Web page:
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Art 101

An Introduction to New Media Art

By

An Introduction to New Media Art
The Experiments in Art and Technology booth at the Institute of Electrical and Electronics Engineers annual meeting in 1967

Since the advent of the computer and subsequent advances in the digitalization of modern culture, artists have been increasingly turning to new technology and incorporating it in their work. This assimilation of digital technology has transformed conventional practices like painting, sculpture, and music, while also spawning new categories, including Internet art and virtual-reality installations.

The Austin Museum of Digital Art—which, when founded in 1997, was the first museum dedicated to the medium— defines digital art as "art that uses digital technology in any of three ways: as the product, as the process, or as the subject." Various names have been given to these computer- and multimedia-based creative processes over the years, but it is now generally acknowledged by the broad term "new media art," which encompasses subdivisions such as digital art and net art while focusing on forms of artistic practice that appear with emerging technologies.

While the origins of new media art can be as nebulous as the term itself, early progenitors of the genre include artists of the late-19th and early-20th centuries like Eadwaerd Muybridge and Thomas Wilfred, who worked with the newly manifested technologies of their time. In 1958, Television Décollage by Wolf Vostell became one of the first artworks to incorporate a television set, setting the stage for other new media artists and collectives to experiment with the use of technology in their art, often embracing ideas of audience participation. Nam June Paik and others began to produce art using video technology, while groups like Fluxus, which included artists such as John Armleder and Jonas Mekas, would go on to stage their own multimedia performances. In 1966, the group Experiments in Art and Technology (E.A.T.)-whose founders included Robert Rauschenberg and Robert Whitman, alongside Bell Labs engineers Billy Kluver and Fred Waldhauer-staged Nine Evenings: Theater & Engineering, which exhibited collaborations between artists and engineers, utilizing emerging technologies, such as Doppler sonar and wireless FM transmitters, in a new artistic context.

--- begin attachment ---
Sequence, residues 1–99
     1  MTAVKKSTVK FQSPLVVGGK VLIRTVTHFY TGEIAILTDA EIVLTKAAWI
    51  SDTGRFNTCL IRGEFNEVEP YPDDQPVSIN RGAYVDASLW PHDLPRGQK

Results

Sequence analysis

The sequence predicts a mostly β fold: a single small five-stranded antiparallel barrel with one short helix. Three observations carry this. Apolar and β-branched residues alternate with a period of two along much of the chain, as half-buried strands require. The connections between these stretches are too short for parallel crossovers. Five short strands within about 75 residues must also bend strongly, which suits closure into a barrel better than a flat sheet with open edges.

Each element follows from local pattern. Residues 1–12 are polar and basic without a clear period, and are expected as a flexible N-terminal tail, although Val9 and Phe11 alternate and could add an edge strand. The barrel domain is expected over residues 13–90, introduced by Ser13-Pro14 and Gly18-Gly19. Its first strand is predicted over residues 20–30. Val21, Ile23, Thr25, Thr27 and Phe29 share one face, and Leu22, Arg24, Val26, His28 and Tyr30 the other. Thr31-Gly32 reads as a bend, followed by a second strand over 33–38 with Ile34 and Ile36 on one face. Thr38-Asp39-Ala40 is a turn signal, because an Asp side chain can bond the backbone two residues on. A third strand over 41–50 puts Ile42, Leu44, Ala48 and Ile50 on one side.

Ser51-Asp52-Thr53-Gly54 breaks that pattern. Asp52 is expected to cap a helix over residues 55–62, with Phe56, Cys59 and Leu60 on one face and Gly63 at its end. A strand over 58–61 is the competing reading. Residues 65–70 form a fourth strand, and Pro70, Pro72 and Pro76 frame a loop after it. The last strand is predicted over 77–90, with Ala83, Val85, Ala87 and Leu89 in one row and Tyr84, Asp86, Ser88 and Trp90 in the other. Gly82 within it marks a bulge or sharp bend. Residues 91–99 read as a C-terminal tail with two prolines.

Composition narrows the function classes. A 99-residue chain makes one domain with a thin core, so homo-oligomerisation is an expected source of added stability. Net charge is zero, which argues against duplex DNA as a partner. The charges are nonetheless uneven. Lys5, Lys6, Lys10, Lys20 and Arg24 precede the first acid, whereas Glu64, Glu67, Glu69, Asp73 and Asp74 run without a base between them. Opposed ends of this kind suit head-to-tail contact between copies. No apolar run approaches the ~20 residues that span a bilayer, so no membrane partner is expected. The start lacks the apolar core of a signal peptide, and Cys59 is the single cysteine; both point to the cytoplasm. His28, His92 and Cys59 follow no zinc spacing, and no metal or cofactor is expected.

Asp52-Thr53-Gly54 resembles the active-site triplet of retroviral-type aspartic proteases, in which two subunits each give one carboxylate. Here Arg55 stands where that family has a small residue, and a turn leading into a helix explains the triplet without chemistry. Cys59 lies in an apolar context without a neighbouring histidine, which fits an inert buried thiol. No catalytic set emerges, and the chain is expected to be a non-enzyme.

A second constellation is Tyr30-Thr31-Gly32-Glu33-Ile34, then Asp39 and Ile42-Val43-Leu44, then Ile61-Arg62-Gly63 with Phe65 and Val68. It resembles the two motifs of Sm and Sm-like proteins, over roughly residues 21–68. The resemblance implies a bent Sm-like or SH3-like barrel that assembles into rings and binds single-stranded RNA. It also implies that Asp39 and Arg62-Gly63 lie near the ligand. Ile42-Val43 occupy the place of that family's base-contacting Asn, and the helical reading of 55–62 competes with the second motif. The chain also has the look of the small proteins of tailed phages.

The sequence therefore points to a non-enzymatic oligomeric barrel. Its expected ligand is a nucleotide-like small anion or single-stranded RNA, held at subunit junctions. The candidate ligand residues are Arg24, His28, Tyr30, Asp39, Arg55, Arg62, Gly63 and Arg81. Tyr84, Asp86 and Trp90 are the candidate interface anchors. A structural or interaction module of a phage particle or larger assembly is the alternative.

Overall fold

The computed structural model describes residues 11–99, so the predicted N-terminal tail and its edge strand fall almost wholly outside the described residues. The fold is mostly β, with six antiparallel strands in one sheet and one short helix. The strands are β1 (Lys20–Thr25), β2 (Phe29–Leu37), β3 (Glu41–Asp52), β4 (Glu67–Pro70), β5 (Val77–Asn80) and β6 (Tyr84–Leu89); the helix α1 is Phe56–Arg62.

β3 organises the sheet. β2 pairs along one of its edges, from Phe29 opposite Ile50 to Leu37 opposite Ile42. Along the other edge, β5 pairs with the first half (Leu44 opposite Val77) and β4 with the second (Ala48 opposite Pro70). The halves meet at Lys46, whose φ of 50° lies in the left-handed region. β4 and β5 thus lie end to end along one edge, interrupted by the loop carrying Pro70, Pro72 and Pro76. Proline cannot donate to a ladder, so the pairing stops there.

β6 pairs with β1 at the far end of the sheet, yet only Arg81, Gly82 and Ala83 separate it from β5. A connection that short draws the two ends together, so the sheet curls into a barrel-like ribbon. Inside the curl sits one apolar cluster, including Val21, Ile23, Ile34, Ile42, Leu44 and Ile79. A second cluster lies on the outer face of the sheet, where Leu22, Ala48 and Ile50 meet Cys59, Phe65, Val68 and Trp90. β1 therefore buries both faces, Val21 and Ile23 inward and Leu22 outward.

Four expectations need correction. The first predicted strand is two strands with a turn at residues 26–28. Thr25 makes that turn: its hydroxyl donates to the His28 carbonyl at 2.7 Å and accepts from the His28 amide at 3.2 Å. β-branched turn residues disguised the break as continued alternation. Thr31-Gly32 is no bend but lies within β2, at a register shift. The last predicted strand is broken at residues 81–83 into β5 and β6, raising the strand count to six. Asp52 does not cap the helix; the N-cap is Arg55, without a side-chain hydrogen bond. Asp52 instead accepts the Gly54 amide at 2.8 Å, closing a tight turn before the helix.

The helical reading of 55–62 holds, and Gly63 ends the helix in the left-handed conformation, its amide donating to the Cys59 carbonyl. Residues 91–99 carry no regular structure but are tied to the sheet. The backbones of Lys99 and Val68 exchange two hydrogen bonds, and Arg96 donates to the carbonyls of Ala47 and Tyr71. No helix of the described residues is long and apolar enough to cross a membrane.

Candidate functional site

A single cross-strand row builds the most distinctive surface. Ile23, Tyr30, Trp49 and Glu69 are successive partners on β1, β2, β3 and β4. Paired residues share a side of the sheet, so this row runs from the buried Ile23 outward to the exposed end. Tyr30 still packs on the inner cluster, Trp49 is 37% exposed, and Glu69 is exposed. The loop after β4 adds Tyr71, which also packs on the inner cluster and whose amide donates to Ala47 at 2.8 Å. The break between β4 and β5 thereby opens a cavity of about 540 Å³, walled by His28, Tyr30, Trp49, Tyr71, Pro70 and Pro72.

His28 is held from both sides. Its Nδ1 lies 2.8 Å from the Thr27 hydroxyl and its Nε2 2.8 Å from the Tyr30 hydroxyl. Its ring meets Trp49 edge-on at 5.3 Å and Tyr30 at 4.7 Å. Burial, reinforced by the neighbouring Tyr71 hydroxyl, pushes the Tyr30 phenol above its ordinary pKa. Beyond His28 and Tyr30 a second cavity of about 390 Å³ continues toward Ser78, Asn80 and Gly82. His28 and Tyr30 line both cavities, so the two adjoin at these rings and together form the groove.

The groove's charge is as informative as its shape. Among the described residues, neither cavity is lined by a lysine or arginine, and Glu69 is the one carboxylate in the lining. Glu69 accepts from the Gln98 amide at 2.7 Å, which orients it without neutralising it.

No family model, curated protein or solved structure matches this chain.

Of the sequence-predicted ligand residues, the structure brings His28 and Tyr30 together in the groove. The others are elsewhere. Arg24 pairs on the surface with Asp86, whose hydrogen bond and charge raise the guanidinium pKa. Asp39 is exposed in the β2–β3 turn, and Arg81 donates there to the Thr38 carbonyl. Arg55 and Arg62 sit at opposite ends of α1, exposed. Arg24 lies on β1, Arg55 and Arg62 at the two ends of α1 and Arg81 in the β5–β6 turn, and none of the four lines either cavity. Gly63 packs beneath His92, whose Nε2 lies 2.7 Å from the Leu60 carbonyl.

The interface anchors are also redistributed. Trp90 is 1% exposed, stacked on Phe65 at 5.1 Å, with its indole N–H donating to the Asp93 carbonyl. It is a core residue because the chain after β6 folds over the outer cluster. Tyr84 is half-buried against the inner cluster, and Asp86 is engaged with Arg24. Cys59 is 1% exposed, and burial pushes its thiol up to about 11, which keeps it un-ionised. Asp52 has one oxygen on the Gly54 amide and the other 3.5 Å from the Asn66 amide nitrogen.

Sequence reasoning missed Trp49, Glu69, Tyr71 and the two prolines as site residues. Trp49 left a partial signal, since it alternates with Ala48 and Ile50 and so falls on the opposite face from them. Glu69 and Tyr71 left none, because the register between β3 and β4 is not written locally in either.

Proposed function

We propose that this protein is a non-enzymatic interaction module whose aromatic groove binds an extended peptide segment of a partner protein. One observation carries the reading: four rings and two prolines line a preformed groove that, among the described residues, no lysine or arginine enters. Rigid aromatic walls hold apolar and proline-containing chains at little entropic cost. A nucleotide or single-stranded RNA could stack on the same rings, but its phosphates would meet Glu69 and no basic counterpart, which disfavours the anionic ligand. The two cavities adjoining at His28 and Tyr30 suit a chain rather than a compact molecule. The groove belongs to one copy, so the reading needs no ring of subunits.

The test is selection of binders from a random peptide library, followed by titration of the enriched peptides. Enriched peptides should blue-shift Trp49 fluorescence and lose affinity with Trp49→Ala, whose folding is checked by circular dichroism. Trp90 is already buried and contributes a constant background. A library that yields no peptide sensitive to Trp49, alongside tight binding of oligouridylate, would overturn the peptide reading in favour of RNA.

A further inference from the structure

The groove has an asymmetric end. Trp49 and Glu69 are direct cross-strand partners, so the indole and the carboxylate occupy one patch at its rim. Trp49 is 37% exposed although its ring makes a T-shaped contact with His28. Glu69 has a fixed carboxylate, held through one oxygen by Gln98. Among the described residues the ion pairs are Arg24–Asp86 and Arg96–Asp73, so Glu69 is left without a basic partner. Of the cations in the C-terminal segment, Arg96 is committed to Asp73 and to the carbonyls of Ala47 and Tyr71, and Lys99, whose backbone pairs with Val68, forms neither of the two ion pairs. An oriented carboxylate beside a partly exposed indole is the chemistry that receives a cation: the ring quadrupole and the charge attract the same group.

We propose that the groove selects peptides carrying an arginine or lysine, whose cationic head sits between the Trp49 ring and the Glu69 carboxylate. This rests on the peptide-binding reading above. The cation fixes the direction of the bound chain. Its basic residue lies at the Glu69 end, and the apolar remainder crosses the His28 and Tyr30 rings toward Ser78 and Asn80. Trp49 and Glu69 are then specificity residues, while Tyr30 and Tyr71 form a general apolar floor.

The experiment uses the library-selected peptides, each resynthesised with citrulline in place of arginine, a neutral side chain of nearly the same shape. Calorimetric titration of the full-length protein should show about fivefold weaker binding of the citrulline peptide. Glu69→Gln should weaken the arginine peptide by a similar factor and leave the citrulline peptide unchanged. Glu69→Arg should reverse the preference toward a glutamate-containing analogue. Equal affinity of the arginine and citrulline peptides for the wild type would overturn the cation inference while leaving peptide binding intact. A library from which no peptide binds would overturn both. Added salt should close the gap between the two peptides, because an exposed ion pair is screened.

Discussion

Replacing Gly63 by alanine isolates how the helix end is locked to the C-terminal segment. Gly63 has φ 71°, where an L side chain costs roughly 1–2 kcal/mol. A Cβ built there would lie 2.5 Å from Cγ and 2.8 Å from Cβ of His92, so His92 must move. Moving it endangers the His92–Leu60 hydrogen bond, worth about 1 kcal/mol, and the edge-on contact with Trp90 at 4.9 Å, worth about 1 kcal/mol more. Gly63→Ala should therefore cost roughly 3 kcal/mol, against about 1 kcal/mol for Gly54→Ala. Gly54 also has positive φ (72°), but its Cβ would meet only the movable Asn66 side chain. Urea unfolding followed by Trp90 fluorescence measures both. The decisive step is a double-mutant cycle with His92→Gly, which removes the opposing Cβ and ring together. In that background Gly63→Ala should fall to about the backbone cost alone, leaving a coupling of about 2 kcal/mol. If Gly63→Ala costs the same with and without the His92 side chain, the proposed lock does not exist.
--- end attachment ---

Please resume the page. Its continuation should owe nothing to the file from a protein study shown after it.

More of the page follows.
In subsequent decades, many new media artists have emphasized interactivity in their work, prompted by the development of advanced computer graphics in conjunction with the widespread adoption of the Internet. Due to the steady increase of shared information access and connectivity between users online, common themes of new media art unsurprisingly touch on topics of appropriation, identity, and social activism. While the inherently technological aspect of new media art can inhibit audience participation, pioneering artists in the genre continue to realize new ways to reach viewers on a visceral and emotional level.

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